Da’at Tevunot -- The Knowing Heart
Section 1, Chapter 16
Contradictions are a dime a dozen in the human heart. As Walt Whitman once
huffed, “Do I contradict myself? Very well, then I contradict mysel f”.
But a contradiction in a depiction of G-d can undo the cosmos, and a
careful reader might have detected one so far in this work.
Ramchal seems to have implied that G-d’s eventual revelation of His
Yichud -- His sovereignty -- will entail a revelation of His very Self
. But that can’t be, as we can never grasp G-d Himself . Even the
sort of utter rule and control over everything that His sovereignty
entails, which will be revealed in the end, is distinct from G-d’s
essence, since it has to do with His relationship with the cosmos rather
than that essence.
For G-d Himself exists in a space-less, time-less "space" and "time"
that's utterly devoid of definition and beyond conjecture, and whic h is
ch ockfull of utter G-d and nothing else. Were we to dare try to portray
that realm in the context of anything in our experience we’d gingerly
liken it to something as abstract as the notion of having the idea for an
idea, or to a memory we might have had once of having had a memory long
ago. But that too is inadequate for our understanding of G-d’s context.
It’s just that G-d decided to function within the dimensions and paradigms
that we function in rather than within His own unfathomable reality alone.
So while His own full Self lies in the background and won’t ever be
revealed (other than to Himself) we experience something of His presence
here and now, and will know a far fuller flowering of it in the end .
In fact, G-d could be said to have separated His Self and abilities from
our experience by a couple of degrees . Firstly, He only does things
here that we can endure rather than what He’s fully capable of doing, and
He thus holds Himself back from manifesting His natively full, blindingly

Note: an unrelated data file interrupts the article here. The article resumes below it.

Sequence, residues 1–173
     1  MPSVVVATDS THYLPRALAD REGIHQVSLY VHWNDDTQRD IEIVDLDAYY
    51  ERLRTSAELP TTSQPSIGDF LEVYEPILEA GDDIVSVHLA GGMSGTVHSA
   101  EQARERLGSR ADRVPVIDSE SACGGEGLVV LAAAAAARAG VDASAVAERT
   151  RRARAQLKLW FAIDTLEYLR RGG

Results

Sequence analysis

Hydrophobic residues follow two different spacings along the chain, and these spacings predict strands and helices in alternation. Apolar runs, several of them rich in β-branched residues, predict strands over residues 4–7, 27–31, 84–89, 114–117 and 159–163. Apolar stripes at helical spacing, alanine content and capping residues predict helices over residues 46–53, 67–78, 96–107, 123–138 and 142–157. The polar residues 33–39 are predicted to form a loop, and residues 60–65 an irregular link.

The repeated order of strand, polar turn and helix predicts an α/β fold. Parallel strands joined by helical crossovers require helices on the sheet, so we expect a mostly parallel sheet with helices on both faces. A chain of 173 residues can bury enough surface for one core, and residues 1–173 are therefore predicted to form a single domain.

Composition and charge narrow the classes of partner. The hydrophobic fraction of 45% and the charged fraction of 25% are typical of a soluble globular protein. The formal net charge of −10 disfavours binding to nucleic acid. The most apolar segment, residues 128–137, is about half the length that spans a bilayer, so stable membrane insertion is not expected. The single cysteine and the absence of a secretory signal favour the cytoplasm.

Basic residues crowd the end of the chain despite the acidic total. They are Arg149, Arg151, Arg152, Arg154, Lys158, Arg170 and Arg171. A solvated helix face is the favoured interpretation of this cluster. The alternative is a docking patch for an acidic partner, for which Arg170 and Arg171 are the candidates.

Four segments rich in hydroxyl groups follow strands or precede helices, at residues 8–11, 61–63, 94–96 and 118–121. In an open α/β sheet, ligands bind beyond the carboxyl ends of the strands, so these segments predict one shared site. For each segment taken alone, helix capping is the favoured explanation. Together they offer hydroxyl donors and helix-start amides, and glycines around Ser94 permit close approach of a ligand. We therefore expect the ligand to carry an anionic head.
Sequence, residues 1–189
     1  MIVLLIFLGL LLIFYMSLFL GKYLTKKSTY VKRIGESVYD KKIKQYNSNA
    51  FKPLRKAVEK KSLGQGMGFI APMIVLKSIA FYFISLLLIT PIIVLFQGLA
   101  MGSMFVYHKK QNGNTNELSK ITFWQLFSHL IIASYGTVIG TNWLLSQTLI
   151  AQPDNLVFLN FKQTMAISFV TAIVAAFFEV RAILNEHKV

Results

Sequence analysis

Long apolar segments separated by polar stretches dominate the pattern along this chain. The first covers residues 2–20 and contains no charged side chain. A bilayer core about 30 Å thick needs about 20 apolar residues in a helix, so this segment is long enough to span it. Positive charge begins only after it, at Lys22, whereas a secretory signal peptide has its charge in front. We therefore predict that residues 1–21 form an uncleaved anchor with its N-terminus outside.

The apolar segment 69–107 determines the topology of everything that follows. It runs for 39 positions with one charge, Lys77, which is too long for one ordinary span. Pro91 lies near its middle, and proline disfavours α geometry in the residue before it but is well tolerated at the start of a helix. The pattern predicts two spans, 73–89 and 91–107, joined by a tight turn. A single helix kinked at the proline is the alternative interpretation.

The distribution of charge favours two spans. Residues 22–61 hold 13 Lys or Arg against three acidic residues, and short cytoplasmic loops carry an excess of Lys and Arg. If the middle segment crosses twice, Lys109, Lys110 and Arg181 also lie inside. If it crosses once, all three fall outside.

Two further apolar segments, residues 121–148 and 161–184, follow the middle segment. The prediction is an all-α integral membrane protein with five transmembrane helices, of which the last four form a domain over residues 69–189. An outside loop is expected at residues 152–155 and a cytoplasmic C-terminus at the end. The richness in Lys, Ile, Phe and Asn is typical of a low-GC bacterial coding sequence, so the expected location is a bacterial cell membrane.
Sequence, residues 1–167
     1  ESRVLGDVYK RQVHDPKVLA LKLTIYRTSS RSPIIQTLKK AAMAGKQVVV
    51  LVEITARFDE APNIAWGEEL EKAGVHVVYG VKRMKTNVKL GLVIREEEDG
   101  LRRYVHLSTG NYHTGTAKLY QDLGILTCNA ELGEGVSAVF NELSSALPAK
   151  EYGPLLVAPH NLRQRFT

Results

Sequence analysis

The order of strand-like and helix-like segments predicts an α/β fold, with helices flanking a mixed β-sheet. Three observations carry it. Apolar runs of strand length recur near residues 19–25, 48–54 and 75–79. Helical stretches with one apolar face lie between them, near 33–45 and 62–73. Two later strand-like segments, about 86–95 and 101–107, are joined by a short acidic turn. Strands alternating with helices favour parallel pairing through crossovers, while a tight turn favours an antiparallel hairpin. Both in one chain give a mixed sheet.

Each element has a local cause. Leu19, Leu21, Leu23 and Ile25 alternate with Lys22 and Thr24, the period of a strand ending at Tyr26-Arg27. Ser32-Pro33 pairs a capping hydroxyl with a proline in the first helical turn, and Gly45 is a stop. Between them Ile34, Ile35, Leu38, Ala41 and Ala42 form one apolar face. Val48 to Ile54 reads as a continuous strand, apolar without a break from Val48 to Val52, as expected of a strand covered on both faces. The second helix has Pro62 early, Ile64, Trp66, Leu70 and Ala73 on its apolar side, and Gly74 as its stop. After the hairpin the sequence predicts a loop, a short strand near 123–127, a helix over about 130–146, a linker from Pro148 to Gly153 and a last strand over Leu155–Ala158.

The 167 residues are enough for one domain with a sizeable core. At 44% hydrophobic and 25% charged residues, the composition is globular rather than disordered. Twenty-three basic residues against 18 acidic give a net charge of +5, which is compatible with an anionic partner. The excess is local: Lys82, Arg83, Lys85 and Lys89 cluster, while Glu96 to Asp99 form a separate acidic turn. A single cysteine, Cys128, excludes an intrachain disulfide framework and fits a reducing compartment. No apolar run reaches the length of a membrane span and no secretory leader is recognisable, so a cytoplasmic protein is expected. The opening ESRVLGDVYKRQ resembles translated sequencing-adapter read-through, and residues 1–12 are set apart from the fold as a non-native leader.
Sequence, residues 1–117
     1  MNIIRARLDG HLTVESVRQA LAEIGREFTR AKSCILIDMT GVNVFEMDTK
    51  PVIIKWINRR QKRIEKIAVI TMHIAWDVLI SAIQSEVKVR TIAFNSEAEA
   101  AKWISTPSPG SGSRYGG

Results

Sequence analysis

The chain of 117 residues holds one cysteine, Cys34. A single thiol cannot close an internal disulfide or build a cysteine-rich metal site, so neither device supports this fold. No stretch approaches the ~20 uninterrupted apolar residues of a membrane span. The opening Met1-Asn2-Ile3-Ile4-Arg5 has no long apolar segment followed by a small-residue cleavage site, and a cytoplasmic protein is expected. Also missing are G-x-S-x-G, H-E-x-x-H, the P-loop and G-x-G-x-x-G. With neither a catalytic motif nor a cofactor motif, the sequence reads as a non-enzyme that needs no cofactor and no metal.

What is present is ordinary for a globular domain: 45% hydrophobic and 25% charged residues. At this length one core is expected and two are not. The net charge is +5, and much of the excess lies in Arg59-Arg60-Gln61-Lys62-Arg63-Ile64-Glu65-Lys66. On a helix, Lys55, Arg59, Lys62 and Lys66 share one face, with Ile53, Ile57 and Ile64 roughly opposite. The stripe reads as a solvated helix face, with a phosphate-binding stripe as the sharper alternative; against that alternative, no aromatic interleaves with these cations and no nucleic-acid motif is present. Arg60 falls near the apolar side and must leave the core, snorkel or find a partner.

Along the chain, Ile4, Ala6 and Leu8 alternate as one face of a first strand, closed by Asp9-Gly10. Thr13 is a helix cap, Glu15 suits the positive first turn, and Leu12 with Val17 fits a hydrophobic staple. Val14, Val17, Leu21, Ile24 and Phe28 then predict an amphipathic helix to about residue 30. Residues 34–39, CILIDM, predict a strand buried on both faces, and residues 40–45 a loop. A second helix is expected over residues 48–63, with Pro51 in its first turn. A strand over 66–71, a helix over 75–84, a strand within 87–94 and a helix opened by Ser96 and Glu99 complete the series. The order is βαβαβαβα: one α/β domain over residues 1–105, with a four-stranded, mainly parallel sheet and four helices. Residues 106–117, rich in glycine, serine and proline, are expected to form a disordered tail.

rich benevolence simply because we couldn’t bear it.
And secondly, He also has not even manifested the degree of benevolence
that we could and will bear -- for now. As while He could have created us
from the beginning as perfect and as capable of basking in the light of
His sovereignty as we could, He didn’t, for His own good reasons .
So G-d seems to lie far, far in the background and to be so removed from
our experience, and the single facet of His Being that we will experience,
His Yichud, has purposely been denied us up to now. Perhaps that explains
the sense of terrible and chill distance from Him that we often feel,
though maybe the promise and expectation of the revelation of His Yichud
explains the sense we have of His presence. Recall, however, that we’re
still and all able to attach unto His presence indeed, as Ramchal assures
us in several places here and elsewhere .
The point remains, though, that G-d didn’t want our state of imperfection
to go on forever -- for there to always be the sort of sturm und drang,
blessings and curses, and moral contentions that characterize our world
now. Rather, He wanted perfection to flower forth from the midst of it all.
But let it never be forgotten or mistaken: our destined, relevant
perfection cannot compare to G-d’s own inherent perfection whatsoever. As
His perfection, “His utter simplicity” as Ramchal words it, “is utterly
irrelevant to our experience” no matter how exalted that experience will
See for example the statement that “G-d calls upon us to perfect
ourselves and the universe at large, and … the reward (for that) i n fact
will be an experience of G-d Himself” (1:2:5). But see 1:3:2 where we
warned that “[I]t’s vitally important to know that we cannot grasp G-d’s
full and infinite being. That’s simply beyond us. What we can understand
though (and will experience in the end) is a fragment of G-d’s being --
that aspect of Him that He displays in this world”, but that we “won’t be
discussing G-d Himself” in this work, nor can we ever. And that speaks to
Ramchal’s point in this chapter.
 See 1:12:2 and the sources cited in the footnotes there.
 See Clallam Rishonim 6, Klach Pitchei Chochma 28.
 See R’ Friedlander’s Iyyun15.
 See 1:10 for a fleshing out of the principles that all this entails.
 See notes 2 and 3 to 1:2, and note 2 to 1:11 for reference to this.
Rabbi Yaakov Feldman has translated and commented upon "The Gates of Repentance", "The Path of the Just", and "The Duties of the Heart" (Jason
Aronson Publishers). His works are available in bookstores and in various
locations on the Web.